Friday, January 7 was not just a normal day of practice at the Greco-Roman National Team Training Camp at the U.S. Olympic Training Center in Colorado Springs, Colo. All of the wrestlers came to practice knowing what to expect at the afternoon workout. It was the Grind Match workout.
What exactly is a Grind Match?
To get the true perspective, just ask National Greco-Roman Coach Steve Fraser, a 1984 Olympic champion who has been putting his troops through this extreme test ever since he took over the program in 1995.
"A real Grind Match is two hours, per Steve Fraser. We are going 90 minutes today, which is still considered a Grind Match. Anything less is a Mini-Grind," said Fraser.
In this practice, a wrestler will compete live against one opponent for 90 straight minutes. There are no whistles, no water breaks, no stoppage of action. The room is hot and stuffy, there is music playing, and the athletes are pounding on each other. You really have to witness this to understand what makes this so grueling.
The reason it was only a 90-minute match on Friday was that they had to split the practice in half. There were too many athletes at the training camp. The three mats in the wrestling room were way too crowded. The lightweights came in at 3:00 p.m. and the heavyweights came in at 4:30 p.m. If there were more room, the matches would have been even longer.
Grind Matches are so brutal that there are very few rules.
"Walls are in bounds. There is no stopping. If you get a takedown, you can work to turn him for as long as you want. After a few minutes, you let him back up, but you don’t just let him go. You come out in front in a front headlock, and make him fight to get up. And when he does get to his feet, you stay right in his face," said Fraser.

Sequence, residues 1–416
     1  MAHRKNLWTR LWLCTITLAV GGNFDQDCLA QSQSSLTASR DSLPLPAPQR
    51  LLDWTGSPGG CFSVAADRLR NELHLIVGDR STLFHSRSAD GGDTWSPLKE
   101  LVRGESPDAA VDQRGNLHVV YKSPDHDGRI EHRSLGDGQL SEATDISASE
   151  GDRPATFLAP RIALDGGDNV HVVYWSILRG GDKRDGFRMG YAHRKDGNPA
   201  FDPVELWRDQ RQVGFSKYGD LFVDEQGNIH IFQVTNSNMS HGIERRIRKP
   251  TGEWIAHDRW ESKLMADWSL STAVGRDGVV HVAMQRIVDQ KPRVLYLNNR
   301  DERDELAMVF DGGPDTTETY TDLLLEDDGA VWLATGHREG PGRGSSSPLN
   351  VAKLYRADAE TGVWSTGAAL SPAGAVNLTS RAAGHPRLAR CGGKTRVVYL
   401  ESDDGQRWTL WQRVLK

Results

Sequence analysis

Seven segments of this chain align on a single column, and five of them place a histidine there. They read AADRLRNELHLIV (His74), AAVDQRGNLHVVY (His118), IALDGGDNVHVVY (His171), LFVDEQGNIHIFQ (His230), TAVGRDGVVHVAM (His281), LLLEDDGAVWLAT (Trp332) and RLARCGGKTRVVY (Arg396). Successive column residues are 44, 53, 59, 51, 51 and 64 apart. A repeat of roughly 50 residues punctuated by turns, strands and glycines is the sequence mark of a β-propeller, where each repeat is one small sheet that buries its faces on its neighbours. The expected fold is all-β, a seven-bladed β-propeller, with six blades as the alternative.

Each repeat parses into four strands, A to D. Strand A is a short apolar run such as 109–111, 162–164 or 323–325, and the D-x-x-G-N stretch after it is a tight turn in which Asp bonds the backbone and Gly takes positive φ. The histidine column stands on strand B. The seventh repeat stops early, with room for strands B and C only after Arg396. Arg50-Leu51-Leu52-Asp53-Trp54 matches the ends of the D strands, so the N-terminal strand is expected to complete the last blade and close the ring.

Get the picture? This is not fun.
"There are reasons we do it. First is the volume conditioning, building your base conditioning. Also, if you play chess for eight hours, you will get better at chess. If you wrestle for two hours, you will be a better wrestler in many ways, such as your rhythm, chain wrestling, never stopping on the mat," said Fraser.
But in Fraser’s mind, there really is one reason that he subjects American Greco-Roman wrestlers to this kind of training torture.
"The main objective of a grind match is to break the opponent, to make him quit, sit down, cry. You are always trying to score during the match, but the main thing is to break him," he said.
The athletes and the coaches in the room have learned to appreciate this training challenge, even if they don’t like it. Just ask 2005 World bronze medalist Justin Ruiz, one of the veteran leaders on the national team.
"It is one of those things they throw in to test you. I can’t say I am excited about it," said Ruiz.
Ruiz understands the reason for the Grind Match, and pushes himself to dominate his opponent.
"It is a test of physical and mental strength. You learn how to wear a guy down. You work on one thing for a long time and wear on a person until they open up and let you score. It is not my favorite thing, but it is good to throw it in there for our training. It is good to be one of the older guys and you grab one of the younger guys. It’s especially hard for those guys who don’t have a collegiate background and have just done Greco-Roman and don’t know about all those bar arms and holds from the mat," said Ruiz.
Willie Madison, the assistant coach of the USOEC Greco-Roman program at Northern Michigan University, appreciates the Grind Match from many perspectives. For many years, he was a top Greco-Roman wrestler at the Olympic Training Center who had to endure this form of training.
"It is about mental toughness. You work to break the opponent and make them quit. You have to function when you are uncomfortable. When you are exhausted, you still need to score points in a match. You learn that when your tank is empty, you still have so much more within you," said Madison.